Youth Radio's Chantell Williams records Dr. David Spiegel hypnotizing Youth Radio producer, Ike Sriskandarajah. Photo Credit: Youth Radio
By Chantell Williams
This piece was also published on National Geographic.
Hypnosis has been around for centuries. It’s been proven to reduce stress, anxiety and pain. Yet the practice is still struggling for mainstream public acceptance. New research from Stanford University is applying the latest medical imaging tools to figure out the science behind hypnosis, and what makes it work. Youth Radio’s Chantell Williams wanted to know what hypnosis can do for stressed out teens.
First, here's what hypnosis isn’t: it’s not brainwashing or magic like in the cartoons. Hypnosis is a trance-like state of heightened concentration and it’s more common than you think. Katie Duchscherer, a 21 year old psychology major at Stanford University, says, "If you’ve ever really gotten into reading a book or watching a television show and the rest of the world around you has sort-of gone away. Hypnosis is very similar to that."
Katie uses self hypnosis to control her anxiety in stressful situations. During a test she takes a few deep breaths, goes to a different place mentally and tells herself, "I’m going to use this adrenaline in my system to feel focused for the test."
Katie learned to hypnotize herself from Dr. David Spiegel, the Associate Chair of Psychiatry and Behavioral Sciences at Stanford. He defines hypnosis as being to consciousness what a telephoto lens is to a camera.
Dr. Spiegel says what Katie’s doing is different from meditation or other self-soothing techniques. She’s easing muscle tension, relaxing non essential parts of her mind, and zooming in on the problem in front of her, leaving only her and the test. Katie has apparently mastered the art hypnosis. But not everyone has the ability to be hypnotized. Dr. Spiegel is using brain scans to research why that is.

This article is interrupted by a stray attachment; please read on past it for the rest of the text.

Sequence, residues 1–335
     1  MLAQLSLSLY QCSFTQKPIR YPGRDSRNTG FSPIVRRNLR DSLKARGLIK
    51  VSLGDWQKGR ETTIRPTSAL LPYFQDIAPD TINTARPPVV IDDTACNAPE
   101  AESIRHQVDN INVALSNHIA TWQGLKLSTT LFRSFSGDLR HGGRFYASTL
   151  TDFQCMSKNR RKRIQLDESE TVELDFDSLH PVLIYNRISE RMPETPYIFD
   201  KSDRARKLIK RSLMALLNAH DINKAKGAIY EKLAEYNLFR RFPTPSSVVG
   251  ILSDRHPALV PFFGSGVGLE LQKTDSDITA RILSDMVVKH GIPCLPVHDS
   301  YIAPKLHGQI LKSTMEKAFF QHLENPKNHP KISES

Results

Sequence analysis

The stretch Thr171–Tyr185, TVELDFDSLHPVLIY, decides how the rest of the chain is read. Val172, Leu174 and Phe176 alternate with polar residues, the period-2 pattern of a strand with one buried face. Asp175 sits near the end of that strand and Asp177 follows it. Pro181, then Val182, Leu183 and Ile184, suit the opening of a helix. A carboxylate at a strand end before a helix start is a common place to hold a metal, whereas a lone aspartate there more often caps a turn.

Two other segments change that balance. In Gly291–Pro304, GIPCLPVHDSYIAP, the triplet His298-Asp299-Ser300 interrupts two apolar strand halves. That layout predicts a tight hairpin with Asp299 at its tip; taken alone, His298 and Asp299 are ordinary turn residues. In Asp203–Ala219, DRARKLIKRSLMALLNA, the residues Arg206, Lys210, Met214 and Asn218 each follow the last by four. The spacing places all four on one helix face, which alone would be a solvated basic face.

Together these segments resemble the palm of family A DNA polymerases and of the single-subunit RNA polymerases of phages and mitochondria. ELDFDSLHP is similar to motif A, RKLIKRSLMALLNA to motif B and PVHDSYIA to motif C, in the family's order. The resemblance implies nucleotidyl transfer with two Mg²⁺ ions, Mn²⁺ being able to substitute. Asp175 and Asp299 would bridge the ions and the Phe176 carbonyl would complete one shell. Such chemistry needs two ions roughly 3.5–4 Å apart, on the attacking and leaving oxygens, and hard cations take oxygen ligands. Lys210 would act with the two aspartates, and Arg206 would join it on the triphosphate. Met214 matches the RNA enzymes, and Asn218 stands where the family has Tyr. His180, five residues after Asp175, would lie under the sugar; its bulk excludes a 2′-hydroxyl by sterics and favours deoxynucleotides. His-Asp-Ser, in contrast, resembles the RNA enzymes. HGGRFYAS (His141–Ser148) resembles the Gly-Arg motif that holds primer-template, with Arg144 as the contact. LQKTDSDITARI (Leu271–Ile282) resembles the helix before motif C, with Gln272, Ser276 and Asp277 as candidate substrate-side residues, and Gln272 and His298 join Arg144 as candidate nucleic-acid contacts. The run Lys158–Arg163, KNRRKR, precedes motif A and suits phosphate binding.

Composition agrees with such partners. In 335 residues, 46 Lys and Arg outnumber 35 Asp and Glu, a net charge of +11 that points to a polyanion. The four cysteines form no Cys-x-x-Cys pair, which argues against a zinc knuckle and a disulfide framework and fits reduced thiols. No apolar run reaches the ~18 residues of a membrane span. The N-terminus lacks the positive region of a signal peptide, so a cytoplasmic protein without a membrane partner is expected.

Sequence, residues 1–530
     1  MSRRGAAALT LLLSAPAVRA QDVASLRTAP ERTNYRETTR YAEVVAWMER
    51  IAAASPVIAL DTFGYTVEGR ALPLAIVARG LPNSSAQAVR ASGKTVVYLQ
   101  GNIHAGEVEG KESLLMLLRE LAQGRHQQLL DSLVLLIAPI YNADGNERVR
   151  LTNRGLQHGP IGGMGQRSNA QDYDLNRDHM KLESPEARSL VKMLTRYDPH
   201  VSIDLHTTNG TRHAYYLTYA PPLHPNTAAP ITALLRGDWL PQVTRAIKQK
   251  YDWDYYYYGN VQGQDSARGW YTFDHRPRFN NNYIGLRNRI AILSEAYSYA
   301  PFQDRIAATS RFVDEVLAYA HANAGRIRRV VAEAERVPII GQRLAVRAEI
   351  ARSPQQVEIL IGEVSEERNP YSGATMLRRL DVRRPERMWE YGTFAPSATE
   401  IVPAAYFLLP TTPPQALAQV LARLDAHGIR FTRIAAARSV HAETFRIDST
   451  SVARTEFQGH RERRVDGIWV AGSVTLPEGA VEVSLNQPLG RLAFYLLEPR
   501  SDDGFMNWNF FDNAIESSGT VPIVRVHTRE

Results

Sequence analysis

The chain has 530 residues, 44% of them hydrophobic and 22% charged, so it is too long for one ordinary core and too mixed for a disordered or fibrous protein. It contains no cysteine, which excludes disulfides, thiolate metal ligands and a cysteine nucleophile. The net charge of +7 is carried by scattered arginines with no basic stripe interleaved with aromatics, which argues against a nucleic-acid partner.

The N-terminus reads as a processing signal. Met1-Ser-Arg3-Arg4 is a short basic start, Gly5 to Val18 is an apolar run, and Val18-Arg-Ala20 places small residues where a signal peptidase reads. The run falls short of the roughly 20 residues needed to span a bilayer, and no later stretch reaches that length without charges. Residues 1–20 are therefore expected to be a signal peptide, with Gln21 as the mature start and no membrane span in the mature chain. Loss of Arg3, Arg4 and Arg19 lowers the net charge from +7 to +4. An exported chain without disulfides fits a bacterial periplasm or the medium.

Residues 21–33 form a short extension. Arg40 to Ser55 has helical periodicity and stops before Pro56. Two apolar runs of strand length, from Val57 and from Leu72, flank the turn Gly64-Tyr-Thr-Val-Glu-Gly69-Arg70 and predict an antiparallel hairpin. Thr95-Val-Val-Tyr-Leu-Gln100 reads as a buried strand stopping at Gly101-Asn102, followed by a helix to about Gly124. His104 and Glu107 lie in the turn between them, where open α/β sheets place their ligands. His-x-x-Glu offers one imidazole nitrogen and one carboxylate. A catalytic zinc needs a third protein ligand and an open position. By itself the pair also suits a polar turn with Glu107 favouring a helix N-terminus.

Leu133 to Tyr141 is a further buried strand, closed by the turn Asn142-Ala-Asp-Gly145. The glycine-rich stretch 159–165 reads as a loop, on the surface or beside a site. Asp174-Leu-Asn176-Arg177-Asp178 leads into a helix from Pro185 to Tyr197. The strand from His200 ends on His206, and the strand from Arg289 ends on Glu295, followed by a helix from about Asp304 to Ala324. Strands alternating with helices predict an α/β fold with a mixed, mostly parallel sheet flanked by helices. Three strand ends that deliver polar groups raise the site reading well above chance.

A team of researchers, including Dr. Spiegel, used fMRI to show the different "brain signatures" of high and low hypnotizable people. They found a higher connectivity between different brain regions in highly hypnotizable people. (Hoeft et al., Functional Brain Basis of Hypnotizability, 2012)
He says hypnotizability is partly due to childhood experiences. "Children whose parents are physically abusive tend to be more hypnotizable, and we think that’s because they use their brains in an escape," Spiegel explains.
Positive childhood experiences also contribute to hypnotizabiltiy. Spiegel says, children who have parents who tell stories and use their imaginations a lot tend to like to keep doing that.
I was a pretty imaginative kid, so I couldn’t help but wonder, could hypnosis work on me? I found a free video by Googling “self hypnosis.” It told me to close my eyes and think about being twice as physically and mentally relaxed. But I couldn't stop thinking, twice as relaxed? What does it mean to be twice as relaxed?
I really thought hypnosis would work for me. Maybe, with a little training from Dr. Spiegel. He says, "hypnosis is literally the oldest western conception of a psycho-therapy. It’s been around for close to 300 years but we still keep viewing it as weird."
Originally published on Youthradio.org, the premier source for youth generated news throughout the globe.
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